Expanding Legal Positivism
The standard party line of the legal positivists goes that laws are created through social behavior and, while in some distant sense express a normative moral will of the people, don’t latch on to any transcendental virtues. By examining the work of Jurgen Habermas and Axel Honneth I conclude that a legal positivist must also recognize the positivistic creation of legal persons.
Habermas articulates a theory of communication founded on Mead’s sociology of language and Wittgenstein’s theory of rule adherence. Together, these theories lay the groundwork for the positivists’ program, inasmuch as intentionality allows for language, and language allows for rules.
Following Mead, an individual’s speech acts are only self-understood as an anticipation of another’s reaction. Language, therefore, is the intuitive internalization of a semantic understanding of oneself as bringing about actions from another. Social relations, then, result from both participants in a conversation appreciating linguistic behavior as laced with action-inducing, and therefore communicative intent.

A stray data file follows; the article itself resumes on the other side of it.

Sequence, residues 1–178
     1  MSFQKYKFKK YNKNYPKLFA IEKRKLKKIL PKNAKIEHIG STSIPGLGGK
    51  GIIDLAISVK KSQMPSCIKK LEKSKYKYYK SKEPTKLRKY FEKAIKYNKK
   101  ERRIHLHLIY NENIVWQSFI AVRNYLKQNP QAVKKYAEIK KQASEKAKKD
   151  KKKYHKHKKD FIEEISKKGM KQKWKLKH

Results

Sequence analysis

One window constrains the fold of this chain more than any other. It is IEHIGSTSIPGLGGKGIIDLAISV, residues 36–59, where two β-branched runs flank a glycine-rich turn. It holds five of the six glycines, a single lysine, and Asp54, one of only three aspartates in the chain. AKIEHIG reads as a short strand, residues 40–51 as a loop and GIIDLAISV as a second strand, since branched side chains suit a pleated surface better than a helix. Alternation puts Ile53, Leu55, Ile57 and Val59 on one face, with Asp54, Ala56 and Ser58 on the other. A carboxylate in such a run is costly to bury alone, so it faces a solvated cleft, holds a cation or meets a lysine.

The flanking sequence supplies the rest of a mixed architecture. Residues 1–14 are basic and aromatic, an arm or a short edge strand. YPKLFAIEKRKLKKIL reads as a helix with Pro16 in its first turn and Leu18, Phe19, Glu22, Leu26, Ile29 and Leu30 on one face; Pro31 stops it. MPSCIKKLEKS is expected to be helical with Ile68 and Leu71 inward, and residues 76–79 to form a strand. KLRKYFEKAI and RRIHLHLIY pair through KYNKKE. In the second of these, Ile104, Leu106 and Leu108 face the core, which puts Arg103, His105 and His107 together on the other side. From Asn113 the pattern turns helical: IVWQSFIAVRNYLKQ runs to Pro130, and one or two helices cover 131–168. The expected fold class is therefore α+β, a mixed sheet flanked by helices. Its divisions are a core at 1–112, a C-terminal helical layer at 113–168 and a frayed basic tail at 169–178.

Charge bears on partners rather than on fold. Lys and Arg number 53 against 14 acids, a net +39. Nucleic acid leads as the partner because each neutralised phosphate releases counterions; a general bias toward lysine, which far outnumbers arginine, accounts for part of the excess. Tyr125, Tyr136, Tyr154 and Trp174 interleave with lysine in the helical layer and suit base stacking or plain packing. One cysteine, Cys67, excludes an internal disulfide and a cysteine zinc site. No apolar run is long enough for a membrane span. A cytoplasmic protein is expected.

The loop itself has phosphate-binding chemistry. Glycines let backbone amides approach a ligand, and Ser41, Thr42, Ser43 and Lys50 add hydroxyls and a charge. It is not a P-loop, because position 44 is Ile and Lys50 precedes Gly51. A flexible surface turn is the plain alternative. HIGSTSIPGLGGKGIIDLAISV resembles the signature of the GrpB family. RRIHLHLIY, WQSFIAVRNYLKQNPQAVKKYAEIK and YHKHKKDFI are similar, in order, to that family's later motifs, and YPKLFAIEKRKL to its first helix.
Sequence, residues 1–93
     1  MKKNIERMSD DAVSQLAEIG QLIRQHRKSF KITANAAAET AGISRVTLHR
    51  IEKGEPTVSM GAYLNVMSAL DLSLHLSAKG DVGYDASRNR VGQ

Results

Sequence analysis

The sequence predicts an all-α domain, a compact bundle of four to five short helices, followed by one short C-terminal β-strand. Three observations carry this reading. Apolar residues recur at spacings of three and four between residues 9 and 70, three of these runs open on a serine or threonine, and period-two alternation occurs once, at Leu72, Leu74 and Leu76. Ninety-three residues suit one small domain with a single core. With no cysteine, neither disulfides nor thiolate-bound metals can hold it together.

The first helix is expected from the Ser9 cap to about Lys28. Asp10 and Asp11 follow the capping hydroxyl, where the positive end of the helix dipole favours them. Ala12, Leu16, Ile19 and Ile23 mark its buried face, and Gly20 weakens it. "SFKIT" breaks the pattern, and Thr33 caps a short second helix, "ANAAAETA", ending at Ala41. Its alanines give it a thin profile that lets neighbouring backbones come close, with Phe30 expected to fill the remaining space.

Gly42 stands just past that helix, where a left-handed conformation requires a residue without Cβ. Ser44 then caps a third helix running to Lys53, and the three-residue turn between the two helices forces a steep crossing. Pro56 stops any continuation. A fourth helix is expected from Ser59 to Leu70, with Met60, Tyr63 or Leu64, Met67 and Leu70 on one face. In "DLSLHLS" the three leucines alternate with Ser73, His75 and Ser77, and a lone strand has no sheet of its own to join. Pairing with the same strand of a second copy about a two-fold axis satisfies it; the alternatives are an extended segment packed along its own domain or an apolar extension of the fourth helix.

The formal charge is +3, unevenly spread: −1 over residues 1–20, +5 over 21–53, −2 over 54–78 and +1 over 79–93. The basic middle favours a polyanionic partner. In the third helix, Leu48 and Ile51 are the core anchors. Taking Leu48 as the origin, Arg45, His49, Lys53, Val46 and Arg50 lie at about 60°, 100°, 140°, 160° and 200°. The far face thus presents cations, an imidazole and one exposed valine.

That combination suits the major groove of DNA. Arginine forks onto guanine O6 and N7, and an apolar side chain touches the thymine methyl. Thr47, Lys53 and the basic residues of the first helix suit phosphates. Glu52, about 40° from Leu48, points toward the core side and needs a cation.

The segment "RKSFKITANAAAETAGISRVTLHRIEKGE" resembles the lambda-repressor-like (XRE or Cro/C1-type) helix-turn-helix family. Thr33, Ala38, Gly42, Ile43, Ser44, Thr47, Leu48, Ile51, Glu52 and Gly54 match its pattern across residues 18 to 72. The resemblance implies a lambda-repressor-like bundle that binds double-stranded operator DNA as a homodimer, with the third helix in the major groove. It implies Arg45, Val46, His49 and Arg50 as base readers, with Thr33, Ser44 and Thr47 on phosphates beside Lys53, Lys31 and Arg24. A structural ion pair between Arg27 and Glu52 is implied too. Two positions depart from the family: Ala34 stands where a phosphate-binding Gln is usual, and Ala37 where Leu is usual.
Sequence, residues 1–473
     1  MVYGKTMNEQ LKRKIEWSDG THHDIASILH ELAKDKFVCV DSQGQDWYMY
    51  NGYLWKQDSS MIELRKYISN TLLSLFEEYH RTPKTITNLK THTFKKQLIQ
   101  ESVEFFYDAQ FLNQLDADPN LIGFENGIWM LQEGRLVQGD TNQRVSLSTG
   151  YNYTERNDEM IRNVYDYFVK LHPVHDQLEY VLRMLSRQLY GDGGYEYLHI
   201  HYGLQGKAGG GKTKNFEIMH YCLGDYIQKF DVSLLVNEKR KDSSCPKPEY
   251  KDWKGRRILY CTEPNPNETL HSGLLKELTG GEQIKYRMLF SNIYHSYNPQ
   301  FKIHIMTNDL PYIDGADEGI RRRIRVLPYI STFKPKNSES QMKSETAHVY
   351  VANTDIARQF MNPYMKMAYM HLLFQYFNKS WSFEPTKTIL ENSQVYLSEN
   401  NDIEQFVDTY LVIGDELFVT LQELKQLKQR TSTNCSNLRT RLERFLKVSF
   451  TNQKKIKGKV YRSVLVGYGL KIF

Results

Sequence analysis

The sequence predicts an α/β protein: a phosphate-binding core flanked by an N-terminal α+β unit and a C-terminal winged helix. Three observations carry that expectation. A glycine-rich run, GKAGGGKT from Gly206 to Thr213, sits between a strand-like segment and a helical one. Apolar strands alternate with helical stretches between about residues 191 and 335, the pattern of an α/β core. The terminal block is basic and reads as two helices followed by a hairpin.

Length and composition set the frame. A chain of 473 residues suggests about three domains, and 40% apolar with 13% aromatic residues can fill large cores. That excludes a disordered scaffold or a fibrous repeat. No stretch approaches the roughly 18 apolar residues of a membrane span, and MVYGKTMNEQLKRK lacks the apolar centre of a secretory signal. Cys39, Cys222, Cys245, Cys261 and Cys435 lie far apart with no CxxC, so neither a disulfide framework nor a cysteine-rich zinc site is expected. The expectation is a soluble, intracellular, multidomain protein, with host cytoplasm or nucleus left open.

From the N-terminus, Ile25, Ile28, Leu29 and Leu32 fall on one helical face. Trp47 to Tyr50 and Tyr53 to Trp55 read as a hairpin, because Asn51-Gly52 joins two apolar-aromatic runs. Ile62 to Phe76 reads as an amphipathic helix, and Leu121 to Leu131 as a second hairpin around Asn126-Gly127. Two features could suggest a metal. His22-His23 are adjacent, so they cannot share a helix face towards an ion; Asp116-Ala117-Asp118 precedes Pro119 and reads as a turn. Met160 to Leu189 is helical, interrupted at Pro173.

Rule creation and adherence is the result of the argumentative relationship between two rule-competent interlocutors. Following Wittgenstein, as all communication is rooted in expectation of another’s response, intersubjective agreement over whether the rule was followed in a given circumstance is dependent on the degree to which each observer feels sufficiently certain that their conception of the rule will be followed in similar circumstances.
The structure of the law is essentially founded on, and has evolved through the invocation of, Wittgensteinian rule controversy. Once the governmental power structures lent authority to rules sufficiently agreed upon, the body of common law as we are faced with today was able to develop. These rules of common, statutory and constitutional law have created fundamental rights for all persons. The universal application of these rights to all individuals have created, in the social context, universally recognizable legal persons operating behind all interaction.
From the positivist proposition the law is created by persons I have concluded that one aspect of the person has been created by the law.